Now, the correct answer for this is rather tricky. And let it be known before I give you Sony’s answers that unless you have working knowledge of how the Pocketstation works, you probably wouldn’t know the following: Basically there are some nasty bugs with the Pocketstation, mainly involving something called interrupts. I’ll spare you the jargon, but if an interrupt is left active while you quit the game you are playing, it will continue to generate interrupts into the game, which is no longer playing. Interrupts are caused by pressing the game buttons, allowing you to interact with the game. But this bug makes the Pocketstation keep trying to interrupt a game no longer in the system and/or being played thus effectively shutting it down. It’s rare and usually happens only with games with global arrays of 8 bit quantities, signed quantities, or non-constant variables. Most of this happens with bad programming, so it’s rarely the gamer’s fault. The problem is easily fixed by sending a Pocketstation to a licensed repair person and it should take them less than five minutes if you know what the problem if, under half an hour if they have to figure it out on their own.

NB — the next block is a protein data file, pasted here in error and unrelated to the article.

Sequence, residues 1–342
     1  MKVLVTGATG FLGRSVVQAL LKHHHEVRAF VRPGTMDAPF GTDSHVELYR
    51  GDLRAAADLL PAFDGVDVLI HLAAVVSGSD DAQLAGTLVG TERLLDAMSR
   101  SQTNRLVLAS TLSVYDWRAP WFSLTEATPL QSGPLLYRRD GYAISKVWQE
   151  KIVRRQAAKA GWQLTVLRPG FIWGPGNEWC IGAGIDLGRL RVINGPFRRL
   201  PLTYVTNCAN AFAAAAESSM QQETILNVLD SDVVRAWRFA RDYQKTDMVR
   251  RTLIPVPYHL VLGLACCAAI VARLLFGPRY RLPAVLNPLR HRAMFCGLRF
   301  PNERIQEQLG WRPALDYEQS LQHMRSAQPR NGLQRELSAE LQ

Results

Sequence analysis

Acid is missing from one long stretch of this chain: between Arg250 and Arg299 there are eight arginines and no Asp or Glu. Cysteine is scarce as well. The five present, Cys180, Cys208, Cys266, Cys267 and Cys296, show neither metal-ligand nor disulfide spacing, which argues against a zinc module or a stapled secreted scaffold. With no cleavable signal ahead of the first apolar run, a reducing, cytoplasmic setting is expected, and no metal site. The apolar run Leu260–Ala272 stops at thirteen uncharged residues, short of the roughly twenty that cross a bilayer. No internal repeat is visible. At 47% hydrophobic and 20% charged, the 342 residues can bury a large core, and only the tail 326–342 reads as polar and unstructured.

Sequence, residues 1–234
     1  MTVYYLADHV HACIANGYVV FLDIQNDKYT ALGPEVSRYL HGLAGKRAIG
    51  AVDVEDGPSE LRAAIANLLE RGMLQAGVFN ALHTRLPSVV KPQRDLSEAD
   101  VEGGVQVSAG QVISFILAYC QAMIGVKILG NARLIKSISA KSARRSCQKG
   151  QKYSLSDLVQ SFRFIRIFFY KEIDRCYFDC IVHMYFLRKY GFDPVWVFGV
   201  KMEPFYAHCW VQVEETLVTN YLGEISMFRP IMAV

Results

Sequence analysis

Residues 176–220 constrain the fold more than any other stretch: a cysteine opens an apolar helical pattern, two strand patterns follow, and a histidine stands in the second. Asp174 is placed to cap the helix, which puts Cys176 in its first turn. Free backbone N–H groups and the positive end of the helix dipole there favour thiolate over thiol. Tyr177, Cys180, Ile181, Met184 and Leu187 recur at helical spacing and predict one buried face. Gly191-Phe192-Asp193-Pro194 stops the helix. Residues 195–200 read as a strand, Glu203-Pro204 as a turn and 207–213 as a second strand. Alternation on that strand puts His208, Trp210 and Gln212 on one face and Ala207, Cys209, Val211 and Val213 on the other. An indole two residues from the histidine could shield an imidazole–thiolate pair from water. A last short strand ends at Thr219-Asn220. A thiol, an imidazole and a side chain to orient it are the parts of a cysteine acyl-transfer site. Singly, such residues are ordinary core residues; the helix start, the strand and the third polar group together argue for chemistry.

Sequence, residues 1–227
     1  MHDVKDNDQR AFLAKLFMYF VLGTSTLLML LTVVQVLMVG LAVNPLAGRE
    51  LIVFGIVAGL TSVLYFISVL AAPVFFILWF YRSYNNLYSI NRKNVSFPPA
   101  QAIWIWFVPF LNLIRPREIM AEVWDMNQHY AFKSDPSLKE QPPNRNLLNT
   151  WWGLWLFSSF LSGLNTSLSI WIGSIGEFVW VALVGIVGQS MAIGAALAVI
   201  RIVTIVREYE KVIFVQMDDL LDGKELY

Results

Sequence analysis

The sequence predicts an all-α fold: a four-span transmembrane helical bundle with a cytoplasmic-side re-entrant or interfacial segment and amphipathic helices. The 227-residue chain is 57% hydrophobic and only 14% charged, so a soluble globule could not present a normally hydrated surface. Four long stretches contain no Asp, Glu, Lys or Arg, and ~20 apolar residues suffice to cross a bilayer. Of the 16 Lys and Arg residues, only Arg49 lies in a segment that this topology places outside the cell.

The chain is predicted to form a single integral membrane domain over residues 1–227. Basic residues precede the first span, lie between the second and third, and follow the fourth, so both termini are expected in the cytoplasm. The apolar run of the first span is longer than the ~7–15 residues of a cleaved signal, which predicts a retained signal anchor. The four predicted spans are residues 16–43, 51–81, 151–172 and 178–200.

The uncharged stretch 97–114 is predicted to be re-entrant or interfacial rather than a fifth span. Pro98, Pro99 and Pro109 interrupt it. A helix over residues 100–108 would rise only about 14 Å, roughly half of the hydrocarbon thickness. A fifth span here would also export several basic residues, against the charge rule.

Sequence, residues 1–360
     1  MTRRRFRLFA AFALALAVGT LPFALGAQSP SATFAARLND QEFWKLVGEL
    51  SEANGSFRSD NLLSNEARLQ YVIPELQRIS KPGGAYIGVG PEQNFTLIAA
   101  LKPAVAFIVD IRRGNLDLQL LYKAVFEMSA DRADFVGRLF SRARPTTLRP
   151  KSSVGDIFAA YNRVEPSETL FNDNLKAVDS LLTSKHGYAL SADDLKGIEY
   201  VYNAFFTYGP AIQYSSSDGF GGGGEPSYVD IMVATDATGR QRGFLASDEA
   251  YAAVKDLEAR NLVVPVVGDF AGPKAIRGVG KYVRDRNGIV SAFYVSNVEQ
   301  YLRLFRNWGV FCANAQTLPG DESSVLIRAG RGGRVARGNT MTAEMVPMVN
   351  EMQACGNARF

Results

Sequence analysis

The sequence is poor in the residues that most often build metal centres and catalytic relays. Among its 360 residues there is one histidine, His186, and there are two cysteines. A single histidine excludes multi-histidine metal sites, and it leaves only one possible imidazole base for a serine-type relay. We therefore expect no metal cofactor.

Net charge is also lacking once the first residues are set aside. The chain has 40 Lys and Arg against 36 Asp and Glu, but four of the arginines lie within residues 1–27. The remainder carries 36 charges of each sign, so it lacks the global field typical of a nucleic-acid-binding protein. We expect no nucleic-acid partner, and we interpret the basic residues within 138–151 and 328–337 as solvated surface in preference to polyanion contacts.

Like I said, this was a super hard, almost unfair question to ask, especially since the Pocketstation never officially made it to the US shores, but the responses I got were interesting. The UK CSR was confused at first and said the Playstation doesn’t run on batteries. Then when I explained it was the PocketStation, she informed me that I was probably ripped’ off by a fake Sony product as Sony does not have a portable video game system.’ When I explained it came from Japan, she then proceeded to add that Japan and Hong Kong sell a lot of fake and bootlegged electronics and reiterated the Pocketstation was not a Sony product.